DataSheet_1_Pituitary Adenylate Cyclase Activating Polypeptide Has Inhibitory Effects on Melanoma Cell Proliferation and Migration In Vitro.pdf (1.22 MB)
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DataSheet_1_Pituitary Adenylate Cyclase Activating Polypeptide Has Inhibitory Effects on Melanoma Cell Proliferation and Migration In Vitro.pdf

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posted on 20.09.2021, 04:37 by Tibor Hajdú, Patrik Kovács, Emese Zsigrai, Roland Takács, Judit Vágó, Sinyoung Cho, László Sasi-Szabó, Dániel Becsky, Aniko Keller-Pinter, Gabriella Emri, Kálmán Rácz, Dora Reglodi, Róza Zákány, Tamás Juhász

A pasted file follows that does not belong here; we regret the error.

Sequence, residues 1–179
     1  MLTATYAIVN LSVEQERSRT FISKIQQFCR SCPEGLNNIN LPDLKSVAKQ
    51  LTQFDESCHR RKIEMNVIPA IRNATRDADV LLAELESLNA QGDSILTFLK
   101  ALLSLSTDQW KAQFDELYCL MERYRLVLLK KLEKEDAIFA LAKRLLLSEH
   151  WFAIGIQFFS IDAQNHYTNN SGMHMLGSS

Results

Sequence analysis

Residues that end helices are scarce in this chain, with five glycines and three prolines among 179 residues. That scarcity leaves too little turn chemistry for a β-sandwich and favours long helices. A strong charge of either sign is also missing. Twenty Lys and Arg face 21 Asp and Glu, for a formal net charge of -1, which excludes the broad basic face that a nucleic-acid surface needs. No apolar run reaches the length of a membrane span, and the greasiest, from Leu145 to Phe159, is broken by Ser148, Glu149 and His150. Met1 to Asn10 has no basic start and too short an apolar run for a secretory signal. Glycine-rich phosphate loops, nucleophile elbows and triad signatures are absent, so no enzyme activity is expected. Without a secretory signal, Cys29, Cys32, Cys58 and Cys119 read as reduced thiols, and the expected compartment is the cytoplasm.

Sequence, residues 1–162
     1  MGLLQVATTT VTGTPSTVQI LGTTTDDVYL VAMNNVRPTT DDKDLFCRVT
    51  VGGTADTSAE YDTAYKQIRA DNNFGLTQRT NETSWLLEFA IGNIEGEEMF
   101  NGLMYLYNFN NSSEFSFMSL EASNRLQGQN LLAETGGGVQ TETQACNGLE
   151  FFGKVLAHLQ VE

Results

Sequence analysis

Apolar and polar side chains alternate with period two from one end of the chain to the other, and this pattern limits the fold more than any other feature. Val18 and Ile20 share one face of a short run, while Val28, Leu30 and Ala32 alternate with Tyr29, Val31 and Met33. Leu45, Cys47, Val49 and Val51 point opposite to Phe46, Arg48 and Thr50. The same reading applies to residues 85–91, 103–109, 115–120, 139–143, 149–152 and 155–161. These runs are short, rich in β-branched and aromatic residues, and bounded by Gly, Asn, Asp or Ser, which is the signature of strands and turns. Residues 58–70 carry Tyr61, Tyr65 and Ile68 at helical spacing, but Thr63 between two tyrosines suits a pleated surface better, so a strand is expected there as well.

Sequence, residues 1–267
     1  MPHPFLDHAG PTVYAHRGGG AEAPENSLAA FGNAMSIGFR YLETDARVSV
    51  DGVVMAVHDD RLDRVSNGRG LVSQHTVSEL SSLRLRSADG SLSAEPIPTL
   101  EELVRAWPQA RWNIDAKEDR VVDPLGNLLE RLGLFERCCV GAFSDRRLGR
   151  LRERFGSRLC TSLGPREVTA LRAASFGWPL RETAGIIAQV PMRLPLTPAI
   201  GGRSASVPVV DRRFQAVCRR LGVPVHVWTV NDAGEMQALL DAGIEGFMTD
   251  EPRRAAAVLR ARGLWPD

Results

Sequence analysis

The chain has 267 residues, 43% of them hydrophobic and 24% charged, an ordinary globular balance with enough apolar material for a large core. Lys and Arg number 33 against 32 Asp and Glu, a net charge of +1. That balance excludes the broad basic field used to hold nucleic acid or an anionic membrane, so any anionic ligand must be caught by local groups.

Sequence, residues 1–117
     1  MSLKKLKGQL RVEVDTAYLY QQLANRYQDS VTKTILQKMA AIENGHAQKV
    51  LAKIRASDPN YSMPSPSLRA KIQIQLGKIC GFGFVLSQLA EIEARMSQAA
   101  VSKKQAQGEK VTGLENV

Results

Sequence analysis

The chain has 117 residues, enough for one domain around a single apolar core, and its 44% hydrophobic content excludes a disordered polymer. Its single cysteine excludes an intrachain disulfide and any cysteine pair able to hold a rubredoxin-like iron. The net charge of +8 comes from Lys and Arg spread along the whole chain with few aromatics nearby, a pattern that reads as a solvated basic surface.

Pituitary adenylate cyclase activating polypeptide (PACAP) is an endogenous neuropeptide which is distributed throughout the body. PACAP influences development of various tissues and exerts protective function during cellular stress and in some tumour formation. No evidence is available on its role in neural crest derived melanocytes and its malignant transformation into melanoma. Expression of PACAP receptors was examined in human skin samples, melanoma lesions and in a primary melanocyte cell culture. A2058 and WM35 melanoma cell lines, representing two different stages of melanoma progression, were used to investigate the effects of PACAP. PAC1 receptor was identified in melanocytes in vivo and in vitro and in melanoma cell lines as well as in melanoma lesions. PACAP administration did not alter viability but decreased proliferation of melanoma cells. With live imaging random motility, average speed, vectorial distance and maximum distance of migration of cells were reduced upon PACAP treatment. PACAP administration did not alter viability but decreased proliferation capacity of melanoma cells. On the other hand, PACAP administration decreased the migration of melanoma cell lines towards fibronectin chemoattractant in the Boyden chamber. Furthermore, the presence of the neuropeptide inhibited the invasion capability of melanoma cell lines in Matrigel chambers. In summary, we provide evidence that PACAP receptors are expressed in melanocytes and in melanoma cells. Our results also prove that various aspects of the cellular motility were inhibited by this neuropeptide. On the basis of these results, we propose PACAP signalling as a possible target in melanoma progression.

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